Two recent studies are shedding light on an important phenomenon in U.S. healthcare—the growing use by physicians in clinical practice, of medical scribes—and the issues around scribe use. Most medical scribes are medical students who are hired by physicians working in their offices and clinics, with the employment of those scribes designed to alleviate some of the documentation burden that is adding significantly to physicians’ workdays—and to their stress.
The two studies—one whose results were published this summer, and the other whose results were published earlier this month—underscore important concerns around the use of scribes. They were executed by Oregon Health & Science University (OHSU). The first study, done in collaboration with The Doctors Company (based in Napa, Calif.), the nation’s largest physician-owned medical malpractice insurer, revealed a lack of standardized training, and variability in experience among scribes, posing major risks to data accuracy and delivery of care.
Further, the first study, based on a survey of 355 physicians, found that:
> 44 percent of scribes have had no prior experience.
> Only 55 percent of scribes are trained by the doctor.
> Only 22 percent of scribes have had any form of certification.
> Around 24 percent of practices that use scribes hire them as employees.
> Nearly 13 percent of practices use scribe staffing agencies.
Meanwhile the second study, published under the title “Use of Simulation Based on an Electronic Health Records Environment to Evaluate the Structure and Accuracy of Notes Generated by Medical Scribes: Proof-of-Concept Study” in the publication JMIR Medical Informatics, involved the video-recording of the work of five scribes, all of whom had at least six months’ work experience working inside electronic health records (EHRs), and whose work transcribing an identical simulated physician-patient encounter was studied. That study found that “There was significant interscribe variability in note structure and content. Overall, only 26 percent of all data elements were unique to the scribe writing them,” the study found. What’s more, it found that, “Overall, there was a wide inter- and intrascribe variation in accuracy for each section of the notes with ranges from 50% to 76%, resulting in an overall positive predictive value for each note between 38% and 81%.”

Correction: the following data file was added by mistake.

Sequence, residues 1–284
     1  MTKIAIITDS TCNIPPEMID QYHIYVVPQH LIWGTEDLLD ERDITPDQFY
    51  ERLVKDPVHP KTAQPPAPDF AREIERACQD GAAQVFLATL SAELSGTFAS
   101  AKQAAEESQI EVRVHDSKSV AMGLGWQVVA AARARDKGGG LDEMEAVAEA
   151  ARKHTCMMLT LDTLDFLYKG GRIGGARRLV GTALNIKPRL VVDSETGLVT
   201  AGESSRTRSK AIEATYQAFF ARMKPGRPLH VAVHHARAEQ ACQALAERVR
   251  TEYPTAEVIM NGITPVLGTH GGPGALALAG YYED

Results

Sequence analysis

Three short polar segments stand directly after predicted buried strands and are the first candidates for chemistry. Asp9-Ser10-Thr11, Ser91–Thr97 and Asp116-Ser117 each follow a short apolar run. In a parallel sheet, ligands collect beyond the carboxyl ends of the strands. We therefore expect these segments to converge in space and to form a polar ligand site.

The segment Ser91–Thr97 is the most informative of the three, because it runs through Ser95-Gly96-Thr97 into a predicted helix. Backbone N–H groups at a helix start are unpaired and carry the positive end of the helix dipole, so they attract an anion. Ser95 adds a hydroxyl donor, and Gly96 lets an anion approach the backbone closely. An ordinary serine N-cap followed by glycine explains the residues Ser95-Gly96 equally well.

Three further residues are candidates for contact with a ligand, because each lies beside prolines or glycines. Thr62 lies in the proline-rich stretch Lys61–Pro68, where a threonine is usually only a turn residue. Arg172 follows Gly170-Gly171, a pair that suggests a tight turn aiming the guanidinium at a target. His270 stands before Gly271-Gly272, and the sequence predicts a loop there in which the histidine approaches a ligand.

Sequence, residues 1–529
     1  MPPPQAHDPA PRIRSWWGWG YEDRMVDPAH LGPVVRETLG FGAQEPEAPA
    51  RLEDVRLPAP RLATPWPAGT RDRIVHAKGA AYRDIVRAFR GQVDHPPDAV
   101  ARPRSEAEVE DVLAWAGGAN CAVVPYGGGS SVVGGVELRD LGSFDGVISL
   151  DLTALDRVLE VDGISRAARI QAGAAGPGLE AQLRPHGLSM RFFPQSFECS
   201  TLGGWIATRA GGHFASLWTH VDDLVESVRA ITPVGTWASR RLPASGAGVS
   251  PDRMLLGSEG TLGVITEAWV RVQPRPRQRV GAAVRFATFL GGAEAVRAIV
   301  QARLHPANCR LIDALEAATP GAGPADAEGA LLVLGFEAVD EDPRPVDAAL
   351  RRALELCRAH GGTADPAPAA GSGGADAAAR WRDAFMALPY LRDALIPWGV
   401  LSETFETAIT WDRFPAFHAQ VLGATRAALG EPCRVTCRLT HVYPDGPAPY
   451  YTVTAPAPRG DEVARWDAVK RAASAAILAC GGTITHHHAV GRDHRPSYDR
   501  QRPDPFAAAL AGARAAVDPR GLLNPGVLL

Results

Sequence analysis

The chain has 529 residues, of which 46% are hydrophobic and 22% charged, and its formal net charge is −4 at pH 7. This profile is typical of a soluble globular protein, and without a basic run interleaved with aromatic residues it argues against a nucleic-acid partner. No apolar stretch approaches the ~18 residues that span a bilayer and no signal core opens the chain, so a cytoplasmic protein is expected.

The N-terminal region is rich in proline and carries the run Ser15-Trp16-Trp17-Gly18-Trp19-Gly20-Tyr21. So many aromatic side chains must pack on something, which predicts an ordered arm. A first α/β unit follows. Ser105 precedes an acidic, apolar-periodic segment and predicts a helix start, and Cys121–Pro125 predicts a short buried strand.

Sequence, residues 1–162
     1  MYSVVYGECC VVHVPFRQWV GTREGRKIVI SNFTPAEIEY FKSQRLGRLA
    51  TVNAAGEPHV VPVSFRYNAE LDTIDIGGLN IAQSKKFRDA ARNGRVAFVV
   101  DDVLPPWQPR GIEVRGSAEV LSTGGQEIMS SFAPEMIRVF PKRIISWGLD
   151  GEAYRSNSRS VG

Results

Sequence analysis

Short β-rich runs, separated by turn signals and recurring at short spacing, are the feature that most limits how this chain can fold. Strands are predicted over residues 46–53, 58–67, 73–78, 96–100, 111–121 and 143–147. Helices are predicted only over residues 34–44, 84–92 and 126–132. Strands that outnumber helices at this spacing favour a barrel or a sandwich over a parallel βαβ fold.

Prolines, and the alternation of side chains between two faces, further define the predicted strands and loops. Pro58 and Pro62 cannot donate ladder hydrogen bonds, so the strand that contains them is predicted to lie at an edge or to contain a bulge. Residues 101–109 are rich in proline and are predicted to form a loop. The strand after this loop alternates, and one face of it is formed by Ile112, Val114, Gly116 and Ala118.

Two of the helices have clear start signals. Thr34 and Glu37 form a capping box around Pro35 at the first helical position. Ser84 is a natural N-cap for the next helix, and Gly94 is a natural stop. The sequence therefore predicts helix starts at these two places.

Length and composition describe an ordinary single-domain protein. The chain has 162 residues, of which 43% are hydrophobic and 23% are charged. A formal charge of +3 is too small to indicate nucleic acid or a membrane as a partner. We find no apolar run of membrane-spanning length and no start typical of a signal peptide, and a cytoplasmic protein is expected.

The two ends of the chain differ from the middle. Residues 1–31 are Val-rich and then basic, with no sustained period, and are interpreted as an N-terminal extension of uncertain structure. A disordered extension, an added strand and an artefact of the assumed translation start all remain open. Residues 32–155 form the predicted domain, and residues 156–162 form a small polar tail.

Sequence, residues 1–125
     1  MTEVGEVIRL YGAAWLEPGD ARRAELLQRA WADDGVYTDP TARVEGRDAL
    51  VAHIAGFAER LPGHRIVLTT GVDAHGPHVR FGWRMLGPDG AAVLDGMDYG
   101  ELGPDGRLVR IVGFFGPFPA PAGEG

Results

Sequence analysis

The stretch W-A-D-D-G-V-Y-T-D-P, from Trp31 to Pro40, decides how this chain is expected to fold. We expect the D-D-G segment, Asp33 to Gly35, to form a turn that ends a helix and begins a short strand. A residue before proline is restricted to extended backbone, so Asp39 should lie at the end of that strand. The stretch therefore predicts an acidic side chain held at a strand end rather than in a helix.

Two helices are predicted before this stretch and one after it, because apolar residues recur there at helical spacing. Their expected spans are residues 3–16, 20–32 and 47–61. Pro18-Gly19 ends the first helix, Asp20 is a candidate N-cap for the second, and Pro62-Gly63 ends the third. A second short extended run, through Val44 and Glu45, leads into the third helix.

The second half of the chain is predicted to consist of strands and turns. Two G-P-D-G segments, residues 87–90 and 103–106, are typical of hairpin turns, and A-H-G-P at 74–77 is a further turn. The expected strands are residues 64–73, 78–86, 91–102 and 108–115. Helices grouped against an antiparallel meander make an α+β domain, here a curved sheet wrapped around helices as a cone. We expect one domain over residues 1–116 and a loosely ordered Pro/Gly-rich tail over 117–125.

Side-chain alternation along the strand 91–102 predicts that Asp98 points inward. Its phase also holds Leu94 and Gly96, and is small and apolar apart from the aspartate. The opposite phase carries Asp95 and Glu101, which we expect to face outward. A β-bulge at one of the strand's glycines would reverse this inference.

The lead author of both studies is Jeffrey A. Gold, M.D., a critical care pulmonologist practicing at Oregon Health & Sciences University, in Portland, Ore., and a researcher.
Healthcare Informatics Editor-in-Chief Mark Hagland spoke with Dr. Gold twice about the implications of the two studies, as well as about the broader questions around the use of medical scribes in U.S. healthcare—first after the publication of the first study; and again, after the publication of the second study. Below are excerpts from those two interviews.
Dr. Gold, one broad question that comes to mind is whether there are any formal mechanisms for certifying medical scribes.
It’s really interesting; scribes fall into two categories. Medical students and others, who work full-time as scribes. Then there are people who work part-time as scribes, MAs and Pas [medical assistants and physician assistants]. And there are scribe service companies that certify them, and a lot of people don’t like to go through those companies. One company that does certify its scribes is ScribeAmerica, which requires that individuals go through 40 hours of online training, combined with 200 hours of work in practice. And there’s really no national set of guidelines over what scribes should be doing; it’s all over the place.
How does this strike you as a physician?
If I were a physician in clinic, I would say, I can’t keep up anyway, so at least I can be happy at work. That’s how the average physician feels about it, and rightfully so. EHRs are the single biggest cause of burnout, and anything you can do to untether physicians from the EHR will improve their satisfaction. But as a health IT safety person—the problem is that nobody knows how to use the EHR well at all. Every professional group studied has trouble using the EHR. And the trouble is that they’re the ones doing the training. It really is a challenge that most scribes have no significant medical knowledge at all.
And if you believe the literature, which finds that there is a big problem with selective data-gathering or selective data-processing—meaning that you don’t collect all the information, or it is incomplete or incorrect—then, theoretically, that phenomenon is contributing to delayed or incorrect diagnoses. That means that adding a middle-person into the process, to get the information in, or out, adds latent patient safety issues, especially if the people aren’t trained. If a scribe were just a pure Dictaphone—if all they do is regurgitate exactly, like a court stenographer, then that’s probably not a major issue; but as soon as the scribes are interpreting what’s going on, or are asked to find information or help physicians navigate the EHR—well, we know from our previous research that physicians themselves struggle to navigate the EHR. In addition, it’s the ones who struggle with navigating the EHR who turn to scribes, which is like asking a blind person to drive and to teach you how to drive. And that’s what scares me the most.
So what’s the high-level solution to this?
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